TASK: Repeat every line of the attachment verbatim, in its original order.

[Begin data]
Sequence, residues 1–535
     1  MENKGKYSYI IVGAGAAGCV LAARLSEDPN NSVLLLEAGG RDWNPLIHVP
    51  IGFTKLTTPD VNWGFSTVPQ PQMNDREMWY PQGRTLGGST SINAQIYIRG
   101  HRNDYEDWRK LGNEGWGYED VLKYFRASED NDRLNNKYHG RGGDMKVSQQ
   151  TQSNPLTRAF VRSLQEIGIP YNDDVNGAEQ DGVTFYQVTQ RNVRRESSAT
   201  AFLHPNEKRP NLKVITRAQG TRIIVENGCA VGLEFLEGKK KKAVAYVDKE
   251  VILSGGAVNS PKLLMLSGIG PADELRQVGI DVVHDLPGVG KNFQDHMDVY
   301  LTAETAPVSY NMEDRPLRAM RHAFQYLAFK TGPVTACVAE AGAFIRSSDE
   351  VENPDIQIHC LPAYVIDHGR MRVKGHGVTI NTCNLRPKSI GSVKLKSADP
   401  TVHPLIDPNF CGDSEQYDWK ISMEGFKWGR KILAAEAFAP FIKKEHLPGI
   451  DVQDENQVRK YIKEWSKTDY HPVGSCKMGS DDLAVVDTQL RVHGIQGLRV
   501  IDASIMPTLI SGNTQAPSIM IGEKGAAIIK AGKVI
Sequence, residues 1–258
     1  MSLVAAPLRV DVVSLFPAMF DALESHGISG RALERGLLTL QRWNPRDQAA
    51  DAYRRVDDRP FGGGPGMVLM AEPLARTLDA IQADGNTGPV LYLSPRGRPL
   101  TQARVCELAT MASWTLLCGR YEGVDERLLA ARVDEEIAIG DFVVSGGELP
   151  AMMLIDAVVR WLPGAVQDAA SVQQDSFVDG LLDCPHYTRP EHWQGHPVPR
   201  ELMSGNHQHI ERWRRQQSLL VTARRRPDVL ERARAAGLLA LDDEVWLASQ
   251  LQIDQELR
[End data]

Sequence, residues 1–535
     1  MENKGKYSYI IVGAGAAGCV LAARLSEDPN NSVLLLEAGG RDWNPLIHVP
    51  IGFTKLTTPD VNWGFSTVPQ PQMNDREMWY PQGRTLGGST SINAQIYIRG
   101  HRNDYEDWRK LGNEGWGYED VLKYFRASED NDRLNNKYHG RGGDMKVSQQ
   151  TQSNPLTRAF VRSLQEIGIP YNDDVNGAEQ DGVTFYQVTQ RNVRRESSAT
   201  AFLHPNEKRP NLKVITRAQG TRIIVENGCA VGLEFLEGKK KKAVAYVDKE
   251  VILSGGAVNS PKLLMLSGIG PADELRQVGI DVVHDLPGVG KNFQDHMDVY
   301  LTAETAPVSY NMEDRPLRAM RHAFQYLAFK TGPVTACVAE AGAFIRSSDE
   351  VENPDIQIHC LPAYVIDHGR MRVKGHGVTI NTCNLRPKSI GSVKLKSADP
   401  TVHPLIDPNF CGDSEQYDWK ISMEGFKWGR KILAAEAFAP FIKKEHLPGI
   451  DVQDENQVRK YIKEWSKTDY HPVGSCKMGS DDLAVVDTQL RVHGIQGLRV
   501  IDASIMPTLI SGNTQAPSIM IGEKGAAIIK AGKVI
Sequence, residues 1–258
     1  MSLVAAPLRV DVVSLFPAMF DALESHGISG RALERGLLTL QRWNPRDQAA
    51  DAYRRVDDRP FGGGPGMVLM AEPLARTLDA IQADGNTGPV LYLSPRGRPL
   101  TQARVCELAT MASWTLLCGR YEGVDERLLA ARVDEEIAIG DFVVSGGELP
   151  AMMLIDAVVR WLPGAVQDAA SVQQDSFVDG LLDCPHYTRP EHWQGHPVPR
   201  ELMSGNHQHI ERWRRQQSLL VTARRRPDVL ERARAAGLLA LDDEVWLASQ
   251  LQIDQELR